Prolonged immobilization

Joint fixation (cast or external), hospitalization, and long journeys may be a risk factor for PE. It was found that flying in economy class for more than four hours, especially when a person sleeps in a sitting position, also affects blood clots. However, a study at Charles de Gaulle Airport in France found that travelers flying over 10,000 km had only 4.8 cases of PE per million people.

Malignant neoplasms

Active cancer is a major risk factor for PE. In cancer patients, the frequency of detection of this pathology is twice as high as in patients without malignant neoplasms. The highest incidence of thromboembolism occurs during the first year after the discovery of cancer and soon after the start of therapy, as well as in tumors such as adenocarcinoma. Of note, cancer that has been treated and remains in remission is not associated with an increased risk of venous thromboembolism.

Estrogen use and pregnancy

An increased risk of thrombosis is associated with estrogen-containing oral contraceptives, pregnancy, and postmenopausal hormone replacement therapy. With the active use of oral contraception, the likelihood of venous thromboembolism increases by 3-4 times.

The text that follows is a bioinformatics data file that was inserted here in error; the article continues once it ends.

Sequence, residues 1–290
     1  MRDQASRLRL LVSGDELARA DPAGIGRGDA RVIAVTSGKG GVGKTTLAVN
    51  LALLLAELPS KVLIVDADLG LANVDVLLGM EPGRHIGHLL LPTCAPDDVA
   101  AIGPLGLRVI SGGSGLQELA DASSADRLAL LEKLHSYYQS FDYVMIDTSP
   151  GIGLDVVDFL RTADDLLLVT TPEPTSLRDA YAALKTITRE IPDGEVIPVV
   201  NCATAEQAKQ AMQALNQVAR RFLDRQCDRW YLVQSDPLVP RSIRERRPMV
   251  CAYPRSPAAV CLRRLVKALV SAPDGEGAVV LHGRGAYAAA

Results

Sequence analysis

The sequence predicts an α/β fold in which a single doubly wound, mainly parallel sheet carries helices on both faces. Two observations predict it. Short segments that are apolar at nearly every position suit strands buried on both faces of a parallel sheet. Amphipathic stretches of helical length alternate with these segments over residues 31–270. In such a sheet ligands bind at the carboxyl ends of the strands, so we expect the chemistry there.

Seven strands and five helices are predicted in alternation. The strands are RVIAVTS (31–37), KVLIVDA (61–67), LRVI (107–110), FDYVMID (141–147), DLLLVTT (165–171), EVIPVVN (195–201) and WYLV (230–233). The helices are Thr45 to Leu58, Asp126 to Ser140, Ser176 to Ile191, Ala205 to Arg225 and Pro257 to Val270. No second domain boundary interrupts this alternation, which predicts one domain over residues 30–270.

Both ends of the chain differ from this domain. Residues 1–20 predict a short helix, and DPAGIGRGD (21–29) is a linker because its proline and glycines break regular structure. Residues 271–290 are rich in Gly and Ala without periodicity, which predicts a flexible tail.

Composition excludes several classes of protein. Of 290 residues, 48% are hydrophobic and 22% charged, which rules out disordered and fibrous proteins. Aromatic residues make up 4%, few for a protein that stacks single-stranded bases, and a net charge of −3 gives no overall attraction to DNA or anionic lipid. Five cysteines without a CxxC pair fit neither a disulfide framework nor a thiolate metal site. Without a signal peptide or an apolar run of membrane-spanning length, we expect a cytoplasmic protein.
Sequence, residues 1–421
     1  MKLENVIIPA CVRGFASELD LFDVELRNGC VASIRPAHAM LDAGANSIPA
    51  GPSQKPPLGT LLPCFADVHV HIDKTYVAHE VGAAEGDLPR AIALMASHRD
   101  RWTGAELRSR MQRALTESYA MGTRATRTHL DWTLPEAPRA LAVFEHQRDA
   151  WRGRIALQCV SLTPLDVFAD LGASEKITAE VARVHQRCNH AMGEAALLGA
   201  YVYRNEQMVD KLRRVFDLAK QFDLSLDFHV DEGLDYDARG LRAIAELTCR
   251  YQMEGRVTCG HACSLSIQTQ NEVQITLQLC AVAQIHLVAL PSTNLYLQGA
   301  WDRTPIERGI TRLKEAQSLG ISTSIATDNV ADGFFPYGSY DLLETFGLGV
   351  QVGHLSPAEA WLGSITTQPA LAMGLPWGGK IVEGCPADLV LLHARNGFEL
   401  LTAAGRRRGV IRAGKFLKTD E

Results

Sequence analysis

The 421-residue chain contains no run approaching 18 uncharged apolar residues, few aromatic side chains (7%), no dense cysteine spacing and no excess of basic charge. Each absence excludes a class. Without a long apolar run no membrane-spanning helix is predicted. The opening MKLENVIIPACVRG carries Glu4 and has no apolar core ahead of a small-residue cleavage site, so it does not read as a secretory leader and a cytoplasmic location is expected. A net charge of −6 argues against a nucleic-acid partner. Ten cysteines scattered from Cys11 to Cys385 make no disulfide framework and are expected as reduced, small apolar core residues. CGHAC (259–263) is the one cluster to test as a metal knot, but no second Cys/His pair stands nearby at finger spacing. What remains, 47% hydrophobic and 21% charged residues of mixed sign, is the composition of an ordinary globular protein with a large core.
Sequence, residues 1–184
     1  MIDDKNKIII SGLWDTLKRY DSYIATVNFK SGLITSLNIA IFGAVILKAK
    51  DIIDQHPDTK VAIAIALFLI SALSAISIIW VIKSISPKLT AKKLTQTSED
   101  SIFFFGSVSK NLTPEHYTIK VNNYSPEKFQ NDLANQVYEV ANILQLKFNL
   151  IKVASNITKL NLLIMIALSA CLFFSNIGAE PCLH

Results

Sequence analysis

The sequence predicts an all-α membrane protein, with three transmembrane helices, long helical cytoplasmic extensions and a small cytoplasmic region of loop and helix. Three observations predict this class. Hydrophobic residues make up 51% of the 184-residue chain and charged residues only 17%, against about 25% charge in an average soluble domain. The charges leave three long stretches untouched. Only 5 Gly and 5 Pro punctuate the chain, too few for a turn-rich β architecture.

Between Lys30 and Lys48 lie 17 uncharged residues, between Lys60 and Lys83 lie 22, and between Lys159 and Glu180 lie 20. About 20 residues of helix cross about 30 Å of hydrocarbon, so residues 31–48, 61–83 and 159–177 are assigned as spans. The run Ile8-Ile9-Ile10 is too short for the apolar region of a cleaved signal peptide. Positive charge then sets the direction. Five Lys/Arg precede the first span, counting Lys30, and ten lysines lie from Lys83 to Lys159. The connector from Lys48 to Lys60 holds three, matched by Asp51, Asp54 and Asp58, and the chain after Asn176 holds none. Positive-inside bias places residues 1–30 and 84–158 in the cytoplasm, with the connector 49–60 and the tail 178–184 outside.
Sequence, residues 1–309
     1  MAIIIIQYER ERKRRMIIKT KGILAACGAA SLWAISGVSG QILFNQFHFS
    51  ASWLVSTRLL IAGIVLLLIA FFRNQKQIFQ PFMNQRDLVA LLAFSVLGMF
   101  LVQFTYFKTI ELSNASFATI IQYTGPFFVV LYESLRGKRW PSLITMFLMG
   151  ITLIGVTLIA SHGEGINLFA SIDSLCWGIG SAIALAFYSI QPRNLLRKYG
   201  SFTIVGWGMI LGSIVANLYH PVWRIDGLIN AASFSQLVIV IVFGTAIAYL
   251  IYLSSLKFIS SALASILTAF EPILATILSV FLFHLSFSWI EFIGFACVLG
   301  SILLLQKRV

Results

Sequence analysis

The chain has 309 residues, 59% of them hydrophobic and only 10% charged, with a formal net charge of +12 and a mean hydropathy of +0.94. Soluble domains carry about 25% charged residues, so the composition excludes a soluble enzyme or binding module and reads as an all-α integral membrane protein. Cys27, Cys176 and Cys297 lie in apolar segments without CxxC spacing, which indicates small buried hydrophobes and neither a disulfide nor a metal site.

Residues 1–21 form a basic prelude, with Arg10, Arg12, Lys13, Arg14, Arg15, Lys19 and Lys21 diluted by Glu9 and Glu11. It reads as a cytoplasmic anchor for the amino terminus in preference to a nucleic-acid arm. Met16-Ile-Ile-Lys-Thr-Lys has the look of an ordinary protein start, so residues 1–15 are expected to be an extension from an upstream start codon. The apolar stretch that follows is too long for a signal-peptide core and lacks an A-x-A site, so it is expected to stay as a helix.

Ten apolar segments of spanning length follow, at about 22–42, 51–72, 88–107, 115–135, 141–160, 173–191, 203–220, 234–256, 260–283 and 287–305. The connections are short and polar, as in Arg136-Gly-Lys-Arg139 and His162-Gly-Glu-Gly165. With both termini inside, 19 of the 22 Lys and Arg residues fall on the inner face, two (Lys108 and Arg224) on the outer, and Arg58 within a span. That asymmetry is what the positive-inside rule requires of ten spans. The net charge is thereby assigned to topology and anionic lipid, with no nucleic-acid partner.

Indwelling catheters

Long-term placement of catheters in patients with symptomatic venous thromboembolism has been found to be associated with a 15–25% increased risk of PE. However, most people who require blood vessel catheterization for an extended period of time (eg, in intensive care units) often already have a high risk of clotting.

PE and heart disease

Some common mechanisms between the development of arterial and venous disease have been identified. Known risk factors for cardiovascular disease, such as smoking, hypertension, and obesity, may increase the risk of PE.

Thus, all risk factors can be divided into genetic and acquired. The latter are also divided into provocative (due to which PE develops rapidly, for example, surgery) and non-provoking, which increase the risk of developing thrombosis during a person’s life (these include old age, venous insufficiency, obesity, autoimmune diseases, etc.).

The pathogenesis of pulmonary embolism

With PE, the embolus moves from the veins to the cavities of the right heart and further into the pulmonary circulation, impeding blood flow in it. As a result, the following pathological changes occur: